Below are some of the most frequently asked questions about horse nutrition, Mad Barn products and our custom formulations. Have a question that is not answered on this page? Contact us and our team of horse nutrition experts will be happy to guide you in the right direction!

Horse Nutrition

Can you recommend a supplement for a spooky horse?2020-01-24T17:13:21-05:00

Magnesium can help, but that’s usually only if it is low in the diet to begin with. Omneity contains high levels of magnesium and a full profile of B-vitamins and will balance the diet for all minerals and vitamins. This is a good starting point to ensure the diet is balanced – imbalances in the diet can cause horses to be more excitable.

Visceral+ also has high levels of magnesium and is used to treat ulcers. If ulcers are an issue, this certainly would be beneficial. Lastly, w-3 Oil contains high levels of DHA, which has been shown to improve focus and calm. Having said all of that, none of these solutions are likely to have a huge impact on spooking, say like giving ACE might, but would be part of a longer-term solution to training and sound nutrition.

Which products would you recommend to maintain horses that have Cushings and are IR?2020-01-24T17:09:19-05:00

Omneity – Equine Mineral and Vitamin Premix is a great choice for horses that have Cushings and IR, as it will balance all the mineral and vitamins needs of your horses. There is no point in giving any type of supplement until the whole diet is properly balanced. If your horses are only receiving hay, the feeding rate is 200 grams for a 500 kg horse. If you are feeding a commercial complete feed (Integri-T, High Fat/Fiber etc), then the dose is adjusted based on how much you are feeding. For example, if you were feeding 2.5 kg of a commercial complete feed, you would only need 100 grams of the Omneity to balance out the diet.

For Cushings/IR horses, I would suggest adding MagneChrome on top of Omneity. It boosts levels of magnesium and chromium, as well as providing extra antioxidants to help combat the chronic inflammation accompanied by Cushings/IR. It certainly is not a cure for either, but will help.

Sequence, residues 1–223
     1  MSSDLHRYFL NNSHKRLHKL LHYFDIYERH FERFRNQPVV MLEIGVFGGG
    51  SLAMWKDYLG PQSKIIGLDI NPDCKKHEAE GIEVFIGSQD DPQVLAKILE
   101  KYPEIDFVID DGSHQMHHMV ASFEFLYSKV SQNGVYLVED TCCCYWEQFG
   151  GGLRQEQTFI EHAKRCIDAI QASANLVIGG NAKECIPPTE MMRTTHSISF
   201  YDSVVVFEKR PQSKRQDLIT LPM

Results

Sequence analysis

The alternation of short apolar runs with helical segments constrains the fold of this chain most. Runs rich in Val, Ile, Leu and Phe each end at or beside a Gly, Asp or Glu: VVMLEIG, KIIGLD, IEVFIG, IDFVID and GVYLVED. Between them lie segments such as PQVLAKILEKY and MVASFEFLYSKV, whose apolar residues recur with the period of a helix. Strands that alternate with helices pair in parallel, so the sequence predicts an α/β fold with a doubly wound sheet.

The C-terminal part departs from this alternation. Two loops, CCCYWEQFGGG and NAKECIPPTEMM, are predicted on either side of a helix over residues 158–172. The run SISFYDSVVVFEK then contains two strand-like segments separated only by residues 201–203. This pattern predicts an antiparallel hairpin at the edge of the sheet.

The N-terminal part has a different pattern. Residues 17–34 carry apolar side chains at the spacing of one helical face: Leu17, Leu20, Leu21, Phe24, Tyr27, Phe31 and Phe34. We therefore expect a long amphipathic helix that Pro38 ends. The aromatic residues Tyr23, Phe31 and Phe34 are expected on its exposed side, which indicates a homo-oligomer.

Why does my horse need a mineral and vitamin premix?2020-01-24T16:56:50-05:00

Minerals and vitamins are crucial to your horse’s health, they are involved in virtually every metabolic process. They are critically important to the ultimate health and performance of your horse. The hay you feed does contain many of the minerals required by the horse, but certainly not all of them and often not in the correct balance or sufficient quantity. The process of curing and storing hay destroys virtually all of the vitamins that were present in the fresh standing forage, therefore, it is necessary to supplement these. Select one of Mad Barn’s formulations to complement your feeding program or contact us if you are interested in getting a custom mineral and vitamin made to meet your horse’s exact requirements.

Does my horse need a mineral and vitamin premix when on pasture?2020-01-24T16:44:51-05:00

When horses are on fresh grass, they generally do not need any vitamin supplements (A,D,E) as they are abundant in fresh forages and from the sun for vitamin D. Some of the trace minerals may be adequate as well, depending on fertility of the soil, but it will vary widely by region and fertilization program. There are some notable exceptions though, selenium, iodine and cobalt typically need to be supplemented as there will be inadequate levels of these nutrients. A note on selenium. Soil selenium levels vary widely across different geographical locations and due to its narrow range of safety, it is wise to determine the levels in feedstuffs before embarking on a supplementation regime. A soil selenium map is provided at this link, along with a wealth of information on selenium.

For the macro minerals, again it is likely the horse would obtain enough calcium, phosphorus and potassium from the grass, but is likely to be deficient in magnesium and most definitely in sodium.